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"One day, along comes this friend of my brother's. He worked in the record business himself and thought he might be able to make contacts. Well, he knew Pink Floyd from Cambridge and he asked Dave Gilmour (Pink Floyd's guitarist) down to hear me."
Little did Dave Gilmour know that he was about to meet the child-woman who, only a scant two years later, would have the No. 1 hit in England with her single debut "Wuthering Heights;" Kate Bush.
"Wuthering Heights" is an eerie, almost hypnotic tune which is based on the section of Emily Bronte's novel where Cathy Earnshaw wants to seize Heathcliff's soul so they can be together in the spirit world; on the surface an unlikely candidate for Pop chart success. It's a measure of Bush's right instincts and the charisma of her talent that the single became such a huge success and won column after column of critic's raves in the English press.
"When I first read 'Wuthering Heights,' I thought the story was so strong. This young girl in an era when the female role was so inferior and she was coming out with this passionate, heavy stuff. Great subject matter for a song.
"I loved writing it," she enthuses. "It was a real challenge to perceive the whole mood of a book into such a short piece of prose Also, when I was a child I was always called Cathy not Kate and I just found myself able to relate to her as a character. It's so important to put yourself in the role of the person in a song. There no half measure. When I sing that song I am Cathy."
"Wuthering Heights" was only a harbinger of things to come from the talented Kate Bush. With the release of her debut EMI America album The Kick Inside (previously released in North America by Capitol in March 1978), Kate Bush herself is rapidly on the way to becoming a classic in her own time. (The LP earned the nineteen year-old singer/songwriter Top 10 honors on the British Pop charts prior to its U.S. release.)
Born July 30, 1958, she grew up at Plumstead in Kent, England, and seemed destined from an early age to become involved with music.
"I have two older brothers and they were very keen on musical instruments. So I just grew up with music all around me," she explains. "When I was about eleven I just started poking around at the piano and started making up little songs. I never played Beatle songs or anything like that. I was always just exploring the instrument.
"Then, when I was 14, I started taking it seriously and I began to treat the words to the songs as poetry. I'd always been keen on poetry at school and it was lovely to put the poems together with the music."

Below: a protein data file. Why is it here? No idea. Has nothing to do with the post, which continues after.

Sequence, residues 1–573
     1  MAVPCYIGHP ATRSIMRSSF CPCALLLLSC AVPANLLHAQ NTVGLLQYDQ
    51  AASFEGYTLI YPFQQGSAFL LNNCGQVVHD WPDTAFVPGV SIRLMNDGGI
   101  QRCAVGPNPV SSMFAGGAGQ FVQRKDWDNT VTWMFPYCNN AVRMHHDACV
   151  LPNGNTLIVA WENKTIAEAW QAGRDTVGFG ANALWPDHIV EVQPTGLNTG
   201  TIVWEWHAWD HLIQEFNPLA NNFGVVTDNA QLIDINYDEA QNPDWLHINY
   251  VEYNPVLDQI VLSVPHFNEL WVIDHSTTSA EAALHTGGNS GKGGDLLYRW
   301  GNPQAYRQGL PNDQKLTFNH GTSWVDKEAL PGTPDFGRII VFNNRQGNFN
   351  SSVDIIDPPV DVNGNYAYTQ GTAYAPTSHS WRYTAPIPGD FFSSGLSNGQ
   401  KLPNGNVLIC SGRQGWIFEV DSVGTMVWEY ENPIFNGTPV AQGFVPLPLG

Then, along came Dave Gilmour. Impressed by her talent he funded a session at the Air London studios for Bush to record a demo tape. EMI heard the tape and signed Kate Bush to the label, posthaste. Because she was so young (sixteen at the time), it was decided that she should spend the next few years developing her already considerable talents.
She studied mime and modern dance with the highly respected Lindsey Kemp (who also tutored David Bowie) for a short time. After Kemp went to Australia, Bush began dance classes at The Dance Centre in London's Covent Garden.
"That was all two years ago now," she says. "Since then I've been singing, playing and writing until we made the album last summer. Originally it was to be released last autumn but it kept getting delayed. I'm glad we waited till 1978 though. It kind of signifies it all starting with the new year for me."
And what a start.
The Kick Inside features thirteen of Kate Bush's own compositions. In addition to the aforementioned "Wuthering Heights," there's "Man With The Child In His Eyes," a complex and intriguing song in which Bush probes the intricacies of a relationship between a young girl and an older man. "Strange Phenomena," she explains, "is about how coincidences cluster together." On "Kite" the versatile Bush assumes the pose of the inanimate flying machine to describe what might happen if a man could fly like a kite. "Feel It," "Oh To Be In Love" and "L'Amour Looks Something Like You" deal insightfully with different angles of love, and "James And The Cold Gun" tells about a man who leaves home to "live by the rifle" until the friends he left behind "get out of hand" and beg him to return.
The album was produced by Andrew Powell (whose credits include working with Alan Parsons and Cockney Rebel) and Dave Gilmour is listed as Executive Producer on "Man With The Child In His Eyes" and "The Saxophone Song." As a singer, Bush has an unusual and, once heard, addicting style. She possesses a breathtaking vocal range; her voice gracefully entwines with each individual note.
As a writer, she is amazingly insightful; blending the universal with the personal, she transcends both.
And, she has her own way of coaxing melodies from her beloved instrument.
"I feel as though I've built up a real relationship with the piano. It's almost Iike a person. If I haven't got a particular idea I just sit down and play chords and then the chords almost dictate what the song should be about because they have their own moods."
The present has never been brighter for Kate Bush whose future looms as infinite as the uncharted stars.
"I'm really not sure how I'm going to develop from now," she explains. "What direction my music will take.
"I just want to carry on exploring."
KATE BUSH, "WUTHERING HEIGHTS" (prod. by A. Powell) (writer K. Bush (Glenwood, ASCAP) (3:33).
The record debuting in the U.S. was # 1 for some time in Australia and the U.K. Bush's voice is most unusual but continued listening and the lovely hook should endear it to pop and adult audiences alike. EMI America P-8003.
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"The pull and the push of it all..." - Kate Bush
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Willker - Mapes
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